[This review is out of sequence, the film dating from 1966; it also contains spoilers]
The Trygon Factor / The Mystery of the White Nuns must rank as the most unusual of the Preben-Philipsen / Rialto film Edgar Wallace krimis. It’s not just the British director, The Witches' Cyril Frankel, and predominantly British cast, but almost the whole structure of the film. For in addition to incorporating giallo and superspy / comic book elements, the film repeatedly plays with familiar krimi film tropes in thoroughly unexpected ways that leave one wondering what exactly was intended and whether some of those involved might even have been at cross-purposes with one another.
What, no Edgar Wallace?
The opening pre-credits sequence sets this out quite nicely: It’s established that London is being plagued by a series of audacious heists that have left Scotland Yard baffled, until now. One of Superintendent Cooper-Smith’s (Stewart Granger’s) men, Sergeant Thompson, believes he has a lead and has gone to a country home, Emberday, to meet up with his contact, Sister Claire (Diane Clare).
The titular family are old, respectable and moneyed – albeit perhaps not as wealthy as they once were, assuming they have not let part of their home be used by the nuns out of philanthropy alone...
Who says nuns have no fun?
The Sergeant is right to be suspicious, all the more so when he happens to notice some of the nuns taking part in a cheesecake style photo-shoot with Trudy Emberday and finds his ‘innocent’ look around the grounds attracting excessive attention.
Unfortunately, having also been spotted by some of the other nuns talking with Sister Clare, he has also clearly learnt too much and is thus murdered by a black-clad, masked assassin who drowns him, with appropriate impiety, in the font.
Giallo murder #1
So far, so krimi, except for the way that the story then continues is by identifying each and every one of the criminal gang for us; suffice to say that the mystery of the white nuns isn't.
Consequently, rather than being aligned with Cooper-Smith as he continues the investigation – why did Thompson’s body turn up in Wapping, some fifty miles away and why did his lungs contain fresh rather than Thames water being the first of the many questions; the link between the convent’s pottery factory and its London-based distributors the next – we are positioned more as external observers watching a game of move and countermove between the gang and Scotland Yard.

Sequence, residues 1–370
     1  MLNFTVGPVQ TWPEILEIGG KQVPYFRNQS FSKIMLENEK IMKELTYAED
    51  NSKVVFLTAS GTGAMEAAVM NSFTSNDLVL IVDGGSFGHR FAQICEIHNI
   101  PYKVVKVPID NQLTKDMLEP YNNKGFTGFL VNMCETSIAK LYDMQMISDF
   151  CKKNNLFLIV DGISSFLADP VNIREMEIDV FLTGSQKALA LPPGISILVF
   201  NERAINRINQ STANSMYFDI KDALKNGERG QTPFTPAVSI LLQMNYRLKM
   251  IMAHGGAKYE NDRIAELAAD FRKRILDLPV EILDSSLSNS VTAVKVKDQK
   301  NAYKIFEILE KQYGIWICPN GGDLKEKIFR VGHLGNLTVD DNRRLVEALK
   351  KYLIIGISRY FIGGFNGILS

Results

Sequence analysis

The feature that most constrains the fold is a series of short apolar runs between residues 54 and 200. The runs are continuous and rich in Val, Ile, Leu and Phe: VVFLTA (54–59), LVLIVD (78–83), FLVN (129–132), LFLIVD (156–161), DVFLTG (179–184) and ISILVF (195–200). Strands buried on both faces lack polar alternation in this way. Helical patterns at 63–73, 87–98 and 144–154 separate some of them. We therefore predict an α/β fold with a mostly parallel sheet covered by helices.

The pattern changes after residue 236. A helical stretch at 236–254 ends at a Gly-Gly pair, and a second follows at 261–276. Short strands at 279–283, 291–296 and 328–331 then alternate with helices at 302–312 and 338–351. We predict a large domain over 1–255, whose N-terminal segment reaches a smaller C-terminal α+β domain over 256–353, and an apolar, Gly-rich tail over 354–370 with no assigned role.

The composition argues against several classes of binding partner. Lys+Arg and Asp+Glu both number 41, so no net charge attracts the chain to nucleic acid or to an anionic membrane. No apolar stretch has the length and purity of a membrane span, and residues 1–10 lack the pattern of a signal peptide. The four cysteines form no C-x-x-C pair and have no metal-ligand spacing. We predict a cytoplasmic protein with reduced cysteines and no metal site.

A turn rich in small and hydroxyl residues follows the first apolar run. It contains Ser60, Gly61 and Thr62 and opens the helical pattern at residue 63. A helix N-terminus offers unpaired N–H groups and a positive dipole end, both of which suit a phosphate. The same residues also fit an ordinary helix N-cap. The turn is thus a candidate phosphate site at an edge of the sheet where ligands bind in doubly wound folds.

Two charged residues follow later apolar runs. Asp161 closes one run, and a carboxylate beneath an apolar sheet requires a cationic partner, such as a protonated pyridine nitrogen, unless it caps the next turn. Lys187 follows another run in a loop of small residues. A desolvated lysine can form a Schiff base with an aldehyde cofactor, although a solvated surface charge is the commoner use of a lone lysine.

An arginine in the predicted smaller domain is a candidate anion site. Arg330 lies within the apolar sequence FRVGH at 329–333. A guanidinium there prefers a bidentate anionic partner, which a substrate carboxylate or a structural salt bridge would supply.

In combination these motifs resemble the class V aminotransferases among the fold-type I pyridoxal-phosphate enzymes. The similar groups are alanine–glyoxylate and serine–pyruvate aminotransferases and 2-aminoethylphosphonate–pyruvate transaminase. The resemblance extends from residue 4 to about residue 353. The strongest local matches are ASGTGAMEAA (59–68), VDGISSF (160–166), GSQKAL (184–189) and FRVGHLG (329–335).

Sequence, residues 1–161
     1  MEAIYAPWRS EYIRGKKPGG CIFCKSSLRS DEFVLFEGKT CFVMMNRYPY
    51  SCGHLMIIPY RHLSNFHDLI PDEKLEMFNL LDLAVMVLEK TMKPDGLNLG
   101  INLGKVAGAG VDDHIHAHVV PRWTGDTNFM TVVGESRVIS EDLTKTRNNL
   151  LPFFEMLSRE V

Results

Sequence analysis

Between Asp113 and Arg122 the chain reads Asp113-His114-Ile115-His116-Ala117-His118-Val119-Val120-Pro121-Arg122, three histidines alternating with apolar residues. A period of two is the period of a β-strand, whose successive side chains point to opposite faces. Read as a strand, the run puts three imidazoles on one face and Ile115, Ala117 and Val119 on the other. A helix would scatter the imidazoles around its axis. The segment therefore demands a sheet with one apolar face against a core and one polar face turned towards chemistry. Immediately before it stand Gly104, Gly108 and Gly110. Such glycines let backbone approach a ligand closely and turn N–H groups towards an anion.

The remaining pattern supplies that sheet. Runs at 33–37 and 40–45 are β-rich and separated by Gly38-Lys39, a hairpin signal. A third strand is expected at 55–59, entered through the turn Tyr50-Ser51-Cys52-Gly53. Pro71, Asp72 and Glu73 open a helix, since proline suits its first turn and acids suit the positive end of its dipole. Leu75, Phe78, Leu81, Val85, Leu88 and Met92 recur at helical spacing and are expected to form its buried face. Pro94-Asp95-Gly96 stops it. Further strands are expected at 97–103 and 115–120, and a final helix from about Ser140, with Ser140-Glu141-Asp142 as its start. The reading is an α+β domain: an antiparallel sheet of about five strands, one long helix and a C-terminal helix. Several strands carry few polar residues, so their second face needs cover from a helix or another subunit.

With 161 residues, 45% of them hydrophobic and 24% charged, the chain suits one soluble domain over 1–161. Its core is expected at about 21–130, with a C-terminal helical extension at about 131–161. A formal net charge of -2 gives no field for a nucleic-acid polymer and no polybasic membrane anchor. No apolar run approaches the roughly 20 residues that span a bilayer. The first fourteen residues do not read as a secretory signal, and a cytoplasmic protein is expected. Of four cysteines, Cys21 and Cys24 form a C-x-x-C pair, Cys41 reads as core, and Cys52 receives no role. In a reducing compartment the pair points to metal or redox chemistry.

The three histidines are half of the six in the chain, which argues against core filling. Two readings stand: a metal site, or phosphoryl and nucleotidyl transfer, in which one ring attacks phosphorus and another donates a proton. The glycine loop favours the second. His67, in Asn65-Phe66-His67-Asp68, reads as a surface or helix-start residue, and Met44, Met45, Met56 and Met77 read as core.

The times they are a changing
Besides the appearance and modus operandi of the murderer, with another victim later being drowned in the bath in a possible Blood and Black Lace reference, another giallo-esque aspect is a belatedly revealed – and thus none too effectively incorporated, except retrospectively in playing spot the perhaps lesbian-coded man-hater – element of gender confusion that wouldn’t have been too out of place in the likes of Four Flies on Grey Velvet.
Done with mirrors
The comic book or superspy aspect comes into play through the presence of Eddi Arent, as the sole krimi regular within the cast of the English-language version under review here. He plays a Continental safecracker smuggled into the country to help the gang penetrate an otherwise impenetrable safe with his rocket gun whilst wearing a yellow armoured suit, these being two pieces of apparatus that wouldn’t look out of place in Diabolik or Fantastic Argoman.
Arent goes to work
Another thing that is unusual here is the fate that befalls Arent’s character, along with the other men recruited for the job: It’s 'just not cricket,' a far cry from the usual Wallace criminal organisation that demands and rewards its members’ loyalty.
This said, the gang’s betrayals do feature another Wallace staple, namely the vehicle with the rear gas fill-able compartment, one of those elements that, if prefigured in Fritz Lang’s Weimar films, I’ve often wondered about in the post-WWII krimi in relation to the Einsatzgruppen of the intervening period...
In a similar manner the nuns’ order seems characteristic of Wallace’s treatment of religion and charitable organisations, modulating what might be seen as an attack on the former – i.e. a convent of criminal nuns – by foregrounding the latter – i.e. that these nuns do not represent any real order. Returning to the giallo, it’s a bit like the plethora of films there that feature fake or defrocked priests as killers, compared to the relative minority with actual killer priests, a have your cake and eat it strategy that lets the viewer take the message they want from the text.
Giallo murder #2
The marriage trajectory of the typical krimi damsel in distress is also spoofed somewhat, with the suave, droll and self-deprecating Cooper-Smith romancing a French hotel worker young enough to be his daughter and who quite candidly admits to being on the lookout for a wealthy English husband.
If the role of Luke Emberday, the obligatory upper-class twit cum madman who ought to be in the attic, cries out for Klaus Kinski, Robert Morley makes for a more than satisfactory Werner Peters stand-in as the ever-nervous Hubert Hamlyn, manager of the pottery’s distribution arm.
The Trygon, by the way, refers to the distinctive (de)mark on some of the pottery, three triangles (representing the three stated aims of the convent) which together enclose/delimit a fourth and create a fifth, that the gang uses to transport their ill-gotten gains and which perhaps recall The Lavender Hill Mob, or vice-versa, given the 1928 date of Wallace’s original novel, Kate Plus Ten.
In summary, an atypical krimi that may be best appreciated / approached by those already familiar with the more conventional aspects of the form.